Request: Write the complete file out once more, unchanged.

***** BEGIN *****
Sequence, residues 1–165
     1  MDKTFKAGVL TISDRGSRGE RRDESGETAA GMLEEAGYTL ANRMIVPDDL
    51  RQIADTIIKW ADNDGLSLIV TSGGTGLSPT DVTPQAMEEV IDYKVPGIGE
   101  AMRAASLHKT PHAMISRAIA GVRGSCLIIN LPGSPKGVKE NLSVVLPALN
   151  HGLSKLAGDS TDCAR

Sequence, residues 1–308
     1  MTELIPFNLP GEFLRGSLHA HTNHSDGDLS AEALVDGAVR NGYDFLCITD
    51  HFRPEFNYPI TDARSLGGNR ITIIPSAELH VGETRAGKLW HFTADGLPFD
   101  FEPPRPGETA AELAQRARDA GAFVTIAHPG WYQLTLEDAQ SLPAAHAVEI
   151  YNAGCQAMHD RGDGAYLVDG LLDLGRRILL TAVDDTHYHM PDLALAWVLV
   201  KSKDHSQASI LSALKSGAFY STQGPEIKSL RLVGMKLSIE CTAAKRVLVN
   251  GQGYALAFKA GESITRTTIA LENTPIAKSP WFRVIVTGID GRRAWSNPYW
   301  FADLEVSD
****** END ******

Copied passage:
Sequence, residues 1–165
     1  MDKTFKAGVL TISDRGSRGE RRDESGETAA GMLEEAGYTL ANRMIVPDDL
    51  RQIADTIIKW ADNDGLSLIV TSGGTGLSPT DVTPQAMEEV IDYKVPGIGE
   101  AMRAASLHKT PHAMISRAIA GVRGSCLIIN LPGSPKGVKE NLSVVLPALN
   151  HGLSKLAGDS TDCAR

Sequence, residues 1–308
     1  MTELIPFNLP GEFLRGSLHA HTNHSDGDLS AEALVDGAVR NGYDFLCITD
    51  HFRPEFNYPI TDARSLGGNR ITIIPSAELH VGETRAGKLW HFTADGLPFD
   101  FEPPRPGETA AELAQRARDA GAFVTIAHPG WYQLTLEDAQ SLPAAHAVEI
   151  YNAGCQAMHD RGDGAYLVDG LLDLGRRILL TAVDDTHYHM PDLALAWVLV
   201  KSKDHSQASI LSALKSGAFY STQGPEIKSL RLVGMKLSIE CTAAKRVLVN
   251  GQGYALAFKA GESITRTTIA LENTPIAKSP WFRVIVTGID GRRAWSNPYW
   301  FADLEVSD